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Legal Insights and Perspectives for the Healthcare Industry
We hosted a very informative Fast Break session last month on CMS telehealth and RPM updates. If you weren't able to join us, the session was led by healthcare litigation associates Jake Harper and Tesch West, with special guest Ben Steinhafel, director of policy and external affairs at the Center for Telehealth and eHealth Law.

In the complex world of Medicare reimbursement, there are a multitude of payment formulae, mathematical adjustments, and reimbursement calculations that translate congressional policy into operational payments for hospital providers. But sometimes the Centers for Medicare and Medicaid Services (CMS) doesn’t get the math right. Recently, the US District Court for the District of Columbia found that academic medical centers have been subject to one such calculation error that implicates the amount such teaching hospitals receive as payment in support of direct graduate medical education (GME). Milton S. Hershey Med. Ctr. v. Xavier Becerra, Civ. Action No. 19-2680 (May 17, 2021). Based on the court’s reasoning, teaching hospitals operating above their full-time equivalent (FTE) resident cap may have been systematically underpaid as a result of the regulatory payment formula for determining the weighted FTE amount of residents used to calculate the GME payment. Other hospitals have recently followed Hershey Medical into the DC District Court seeking similar decisions.

A notable headline from the August 12 MLN Connects Newsletter for healthcare providers states “CMS Resumes Targeted Probe & Educate Program.” Designed to help providers reduce claim denials and appeals, CMS suspended prepayment reviews under the Targeted Probe and Educate (TPE) program in response to the COVID-19 public health emergency (PHE) in March 2020. But unlike post-payment audits which have been active since CMS authorized its contractors to begin new audits in August 2020, TPE prepay reviews remained on hold.

The Centers for Medicare and Medicaid Services (CMS) recently released a table copy of its calendar year 2022 Medicare physician fee schedule proposed rule. The proposed rule is chock full of policy updates concerning telehealth, remote physiologic monitoring (RPM), and new remote therapeutic monitoring codes. Coming on the heels of the significant telehealth waivers put in place during the COVID-19 public health emergency (PHE), CMS proposes to continue the steady expansion of virtual care options with this rule.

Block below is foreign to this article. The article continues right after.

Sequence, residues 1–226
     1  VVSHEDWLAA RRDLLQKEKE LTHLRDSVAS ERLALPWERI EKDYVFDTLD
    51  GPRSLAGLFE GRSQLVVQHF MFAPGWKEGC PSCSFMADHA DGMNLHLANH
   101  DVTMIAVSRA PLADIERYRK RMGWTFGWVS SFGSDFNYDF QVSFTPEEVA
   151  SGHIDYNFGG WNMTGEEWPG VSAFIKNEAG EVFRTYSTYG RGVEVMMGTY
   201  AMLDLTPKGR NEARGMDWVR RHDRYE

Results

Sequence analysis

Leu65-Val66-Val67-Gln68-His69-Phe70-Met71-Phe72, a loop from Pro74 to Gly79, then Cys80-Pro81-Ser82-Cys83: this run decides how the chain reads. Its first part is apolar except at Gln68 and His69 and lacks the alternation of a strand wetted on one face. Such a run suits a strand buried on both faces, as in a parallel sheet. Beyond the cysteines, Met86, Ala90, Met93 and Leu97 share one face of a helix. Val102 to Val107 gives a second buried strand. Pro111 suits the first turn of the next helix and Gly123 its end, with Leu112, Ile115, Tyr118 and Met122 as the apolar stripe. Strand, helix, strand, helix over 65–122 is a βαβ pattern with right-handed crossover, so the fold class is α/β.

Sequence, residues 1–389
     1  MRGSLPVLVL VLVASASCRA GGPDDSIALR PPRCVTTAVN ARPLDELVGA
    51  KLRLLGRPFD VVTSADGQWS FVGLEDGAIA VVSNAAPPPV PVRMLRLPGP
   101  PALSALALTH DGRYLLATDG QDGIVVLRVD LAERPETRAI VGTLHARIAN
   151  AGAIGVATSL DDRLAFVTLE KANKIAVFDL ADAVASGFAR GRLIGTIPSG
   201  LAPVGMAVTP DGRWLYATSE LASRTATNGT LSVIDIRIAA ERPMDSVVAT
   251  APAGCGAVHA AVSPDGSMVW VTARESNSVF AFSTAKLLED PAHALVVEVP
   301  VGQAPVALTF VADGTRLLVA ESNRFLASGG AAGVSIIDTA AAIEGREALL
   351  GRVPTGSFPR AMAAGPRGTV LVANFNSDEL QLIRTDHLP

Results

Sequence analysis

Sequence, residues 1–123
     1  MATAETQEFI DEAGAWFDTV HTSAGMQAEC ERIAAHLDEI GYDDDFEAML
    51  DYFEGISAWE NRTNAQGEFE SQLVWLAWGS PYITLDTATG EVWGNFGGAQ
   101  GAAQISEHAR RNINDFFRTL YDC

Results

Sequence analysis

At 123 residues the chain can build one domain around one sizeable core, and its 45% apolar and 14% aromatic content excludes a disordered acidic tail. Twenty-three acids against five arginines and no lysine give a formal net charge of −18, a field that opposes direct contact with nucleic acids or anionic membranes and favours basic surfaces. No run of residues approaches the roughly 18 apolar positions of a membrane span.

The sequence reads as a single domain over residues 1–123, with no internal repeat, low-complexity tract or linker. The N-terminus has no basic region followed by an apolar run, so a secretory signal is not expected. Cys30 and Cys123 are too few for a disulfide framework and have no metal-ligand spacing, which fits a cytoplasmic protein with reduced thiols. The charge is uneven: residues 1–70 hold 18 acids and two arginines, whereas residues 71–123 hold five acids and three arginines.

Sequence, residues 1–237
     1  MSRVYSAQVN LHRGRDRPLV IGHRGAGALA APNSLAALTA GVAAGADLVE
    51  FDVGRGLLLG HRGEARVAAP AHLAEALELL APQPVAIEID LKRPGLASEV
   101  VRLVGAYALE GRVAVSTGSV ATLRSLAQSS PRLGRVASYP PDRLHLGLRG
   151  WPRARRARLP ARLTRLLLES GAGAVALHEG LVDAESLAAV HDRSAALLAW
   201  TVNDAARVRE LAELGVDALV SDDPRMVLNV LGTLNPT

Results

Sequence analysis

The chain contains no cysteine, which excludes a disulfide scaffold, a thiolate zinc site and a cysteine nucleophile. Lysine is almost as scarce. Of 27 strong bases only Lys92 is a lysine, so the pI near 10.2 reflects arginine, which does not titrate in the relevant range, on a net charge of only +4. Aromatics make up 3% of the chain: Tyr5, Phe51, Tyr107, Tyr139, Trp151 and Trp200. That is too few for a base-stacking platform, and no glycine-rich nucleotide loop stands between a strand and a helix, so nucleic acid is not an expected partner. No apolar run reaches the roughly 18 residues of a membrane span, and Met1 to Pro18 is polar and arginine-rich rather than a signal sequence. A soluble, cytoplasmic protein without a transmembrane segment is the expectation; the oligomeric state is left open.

We hope you were able to join us for last month's Fast Break on the Regulatory Sprint to Coordinated Care, which has been a longstanding initiative of the Centers for Medicare and Medicaid Services, US Department of Health and Human Services (HHS), and Office of the Inspector General to navigate a path to value-based payment models, culminating in the December 2020 final rules. If not, you missed a conversational session featuring Katie McDermott, Al Shay, and Jake Harper diving a bit deeper into this topic.
Members of our healthcare industry team have published two LawFlashes that may be of particular interest to hospice clients and friends of Health Law Scan, referring to recent Anti-Kickback Safe Harbor Revisions and the Consolidated Appropriations Act, 2021.
Powerfully illustrating the efforts of the US Department of Health and Human Services (HHS) to transform the US healthcare system to a value-based model, the Office of the Inspector General (OIG) and the Centers for Medicare & Medicaid Services (CMS) have finalized rules that will alter critical healthcare fraud and abuse regulations to remove or diminish obstacles to value-based enterprises that meaningfully embrace patient care coordination.
In a stunning move, the Centers for Medicare and Medicaid Services (CMS) has linked reporting and tracking of the incidence and impact of the coronavirus (COVID-19) disease to satisfaction of the Medicare Conditions of Participation (CoPs) for hospitals and critical access hospitals, in spite of the federal about-face that has caused confusion concerning that same reporting since the inception of the pandemic.
Imagine you are the primary caretaker for your 94-year-old terminally ill mother who lives in your home while under hospice care during the coronavirus (COVID-19) pandemic.
US President Donald Trump issued an executive order on August 3 that aims to expand telehealth access to Medicare beneficiaries beyond the coronavirus (COVID-19) public health emergency (PHE) period. The executive order focuses on rural healthcare providers in particular, noting the difficulties patients in rural areas face in obtaining accessible, high-quality healthcare services over the years.